Tuesday, October 21, 2008


I have been working with a client that is improving an existing innovation program. Based on my prior work at IBM (where innovation has been a mantra for several years) and in my work on the Web2.0 phenomena I suggested that adding an external focus to the program would be a good thing. 
Examples are:
Procter & Gamble Connect+Develop

All of these have some differences but the common philosophy is that customers, suppliers, and business partners can contribute significantly to new ideas.
PLUS depending on how one manages the program the participants can feel they are "partnering" and helping to change the direction your company is taking.

Some of the challenges that must be addressed include:

Intellectual Property - P&G and Kraft encourage patent protection for the participant so that a straight forward licensing agreement can be negotiated. IBM keeps the ideas very general and uses the input more to set marketing focus.
Competitive Advantage - How much early development of products can be exposed without losing something to a competitor? Because P&G deals with specific ideas it prefers to keep the interactions 1 on 1. A participant can only see the problems P&G needs solutions for and only the ideas that he/she has submitted. IBM allows everyone to see ideas submitted but keeps the conversation at a high level.  I believe that an effective program should have tiered levels of participation. A general public forum and then an invitation only small group to take an idea further. The small group would be covered by a joint venture agreement.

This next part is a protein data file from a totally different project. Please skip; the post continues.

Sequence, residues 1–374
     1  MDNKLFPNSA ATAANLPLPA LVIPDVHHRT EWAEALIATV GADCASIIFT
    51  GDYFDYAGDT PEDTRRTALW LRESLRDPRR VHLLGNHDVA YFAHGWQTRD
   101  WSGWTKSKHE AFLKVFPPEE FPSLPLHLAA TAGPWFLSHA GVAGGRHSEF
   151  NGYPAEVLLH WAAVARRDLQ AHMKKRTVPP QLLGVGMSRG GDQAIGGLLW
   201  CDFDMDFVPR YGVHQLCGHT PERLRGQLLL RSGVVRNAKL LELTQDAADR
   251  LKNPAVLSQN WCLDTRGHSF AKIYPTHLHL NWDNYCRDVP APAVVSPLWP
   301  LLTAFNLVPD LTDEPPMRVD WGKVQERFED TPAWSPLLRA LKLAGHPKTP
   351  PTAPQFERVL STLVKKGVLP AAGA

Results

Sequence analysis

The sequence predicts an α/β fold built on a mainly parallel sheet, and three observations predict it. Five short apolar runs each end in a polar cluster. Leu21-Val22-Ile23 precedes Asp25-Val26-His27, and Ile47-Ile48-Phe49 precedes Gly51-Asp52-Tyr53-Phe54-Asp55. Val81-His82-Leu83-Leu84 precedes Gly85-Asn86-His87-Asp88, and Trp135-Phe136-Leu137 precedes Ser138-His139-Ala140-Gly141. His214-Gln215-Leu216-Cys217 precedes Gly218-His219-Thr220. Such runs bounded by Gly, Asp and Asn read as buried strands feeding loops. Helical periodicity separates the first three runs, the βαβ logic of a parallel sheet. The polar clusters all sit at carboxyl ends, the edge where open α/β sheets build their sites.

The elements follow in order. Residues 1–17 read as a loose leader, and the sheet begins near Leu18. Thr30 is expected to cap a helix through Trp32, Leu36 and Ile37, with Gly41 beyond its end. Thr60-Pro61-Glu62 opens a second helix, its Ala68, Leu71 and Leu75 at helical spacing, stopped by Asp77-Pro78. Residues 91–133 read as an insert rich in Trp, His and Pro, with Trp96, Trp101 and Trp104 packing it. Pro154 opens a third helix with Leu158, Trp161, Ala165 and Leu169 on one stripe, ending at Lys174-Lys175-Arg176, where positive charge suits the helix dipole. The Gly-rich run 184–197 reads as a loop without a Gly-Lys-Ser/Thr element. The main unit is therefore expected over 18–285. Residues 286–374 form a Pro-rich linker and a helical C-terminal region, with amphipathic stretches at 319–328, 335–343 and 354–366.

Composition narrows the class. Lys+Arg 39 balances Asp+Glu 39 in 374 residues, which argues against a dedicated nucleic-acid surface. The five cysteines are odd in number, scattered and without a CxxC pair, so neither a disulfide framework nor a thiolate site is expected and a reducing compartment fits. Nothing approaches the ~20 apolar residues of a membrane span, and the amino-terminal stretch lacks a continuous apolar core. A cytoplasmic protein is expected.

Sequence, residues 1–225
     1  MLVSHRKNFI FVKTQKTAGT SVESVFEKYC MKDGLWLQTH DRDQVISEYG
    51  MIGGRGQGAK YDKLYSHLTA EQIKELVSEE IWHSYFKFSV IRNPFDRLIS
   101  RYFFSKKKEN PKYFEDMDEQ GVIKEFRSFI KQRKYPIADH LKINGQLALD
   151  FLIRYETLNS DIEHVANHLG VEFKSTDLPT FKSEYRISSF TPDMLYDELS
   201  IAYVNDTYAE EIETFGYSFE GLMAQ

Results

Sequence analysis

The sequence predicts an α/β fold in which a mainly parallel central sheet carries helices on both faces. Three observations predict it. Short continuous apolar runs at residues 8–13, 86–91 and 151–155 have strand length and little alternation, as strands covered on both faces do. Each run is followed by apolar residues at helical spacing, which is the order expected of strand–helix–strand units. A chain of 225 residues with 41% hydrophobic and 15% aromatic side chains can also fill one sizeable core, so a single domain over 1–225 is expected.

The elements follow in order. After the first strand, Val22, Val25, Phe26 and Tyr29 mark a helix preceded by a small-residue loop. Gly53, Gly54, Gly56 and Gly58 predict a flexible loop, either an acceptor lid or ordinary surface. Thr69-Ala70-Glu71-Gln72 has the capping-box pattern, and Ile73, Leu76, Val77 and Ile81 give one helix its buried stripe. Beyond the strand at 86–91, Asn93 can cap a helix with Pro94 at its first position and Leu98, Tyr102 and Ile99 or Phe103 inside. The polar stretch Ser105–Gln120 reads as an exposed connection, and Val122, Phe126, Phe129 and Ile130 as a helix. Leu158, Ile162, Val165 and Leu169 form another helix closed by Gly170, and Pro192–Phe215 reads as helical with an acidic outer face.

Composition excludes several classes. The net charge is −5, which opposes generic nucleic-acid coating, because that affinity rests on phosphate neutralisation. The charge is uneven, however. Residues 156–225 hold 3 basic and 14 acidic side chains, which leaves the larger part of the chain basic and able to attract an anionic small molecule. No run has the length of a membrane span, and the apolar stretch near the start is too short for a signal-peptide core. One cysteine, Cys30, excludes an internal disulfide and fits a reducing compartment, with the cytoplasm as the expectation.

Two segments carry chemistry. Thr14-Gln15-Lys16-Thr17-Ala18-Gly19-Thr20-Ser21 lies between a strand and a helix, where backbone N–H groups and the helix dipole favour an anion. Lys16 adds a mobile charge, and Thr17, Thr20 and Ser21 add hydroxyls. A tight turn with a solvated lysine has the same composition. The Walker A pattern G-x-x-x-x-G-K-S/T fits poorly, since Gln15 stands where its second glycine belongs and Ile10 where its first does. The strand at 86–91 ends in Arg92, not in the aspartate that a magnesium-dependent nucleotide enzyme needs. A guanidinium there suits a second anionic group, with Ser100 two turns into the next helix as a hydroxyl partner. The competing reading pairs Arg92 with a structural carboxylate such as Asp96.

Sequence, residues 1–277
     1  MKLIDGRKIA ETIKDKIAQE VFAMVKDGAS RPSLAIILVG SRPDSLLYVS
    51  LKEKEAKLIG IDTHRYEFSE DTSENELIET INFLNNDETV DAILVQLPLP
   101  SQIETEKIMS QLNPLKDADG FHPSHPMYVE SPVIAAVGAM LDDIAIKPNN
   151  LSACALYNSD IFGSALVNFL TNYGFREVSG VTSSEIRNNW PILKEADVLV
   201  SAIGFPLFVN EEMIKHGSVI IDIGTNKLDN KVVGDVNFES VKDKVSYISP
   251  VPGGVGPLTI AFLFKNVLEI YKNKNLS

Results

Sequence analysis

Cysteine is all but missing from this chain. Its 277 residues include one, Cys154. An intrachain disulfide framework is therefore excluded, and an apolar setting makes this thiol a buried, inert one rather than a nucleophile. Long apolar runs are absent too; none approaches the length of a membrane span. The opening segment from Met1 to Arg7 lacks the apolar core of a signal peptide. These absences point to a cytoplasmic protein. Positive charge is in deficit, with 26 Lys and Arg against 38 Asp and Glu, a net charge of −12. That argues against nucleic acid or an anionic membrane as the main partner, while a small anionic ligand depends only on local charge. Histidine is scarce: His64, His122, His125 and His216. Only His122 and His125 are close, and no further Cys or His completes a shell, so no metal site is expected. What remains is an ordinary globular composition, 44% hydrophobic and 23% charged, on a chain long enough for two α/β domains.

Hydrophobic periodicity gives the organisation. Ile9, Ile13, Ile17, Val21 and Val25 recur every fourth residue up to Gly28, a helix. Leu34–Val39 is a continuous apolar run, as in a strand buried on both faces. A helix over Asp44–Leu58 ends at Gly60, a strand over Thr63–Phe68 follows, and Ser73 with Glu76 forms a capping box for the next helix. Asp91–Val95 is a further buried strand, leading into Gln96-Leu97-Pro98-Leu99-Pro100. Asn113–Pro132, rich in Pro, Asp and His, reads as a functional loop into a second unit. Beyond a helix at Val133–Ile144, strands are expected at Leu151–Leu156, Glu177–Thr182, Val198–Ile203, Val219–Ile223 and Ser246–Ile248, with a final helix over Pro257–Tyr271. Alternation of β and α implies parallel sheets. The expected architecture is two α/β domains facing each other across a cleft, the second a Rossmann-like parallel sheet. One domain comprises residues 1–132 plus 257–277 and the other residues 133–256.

Searching for Diamonds - A lot of ideas have to be evaluated in order to find the few that will be worthwhile developing into a product. Either a dedicated team of evaluators must be set up OR the community can vote for the best ideas. 

The trend is towards using the Internet to open the kimono and share innovation with a broad community.

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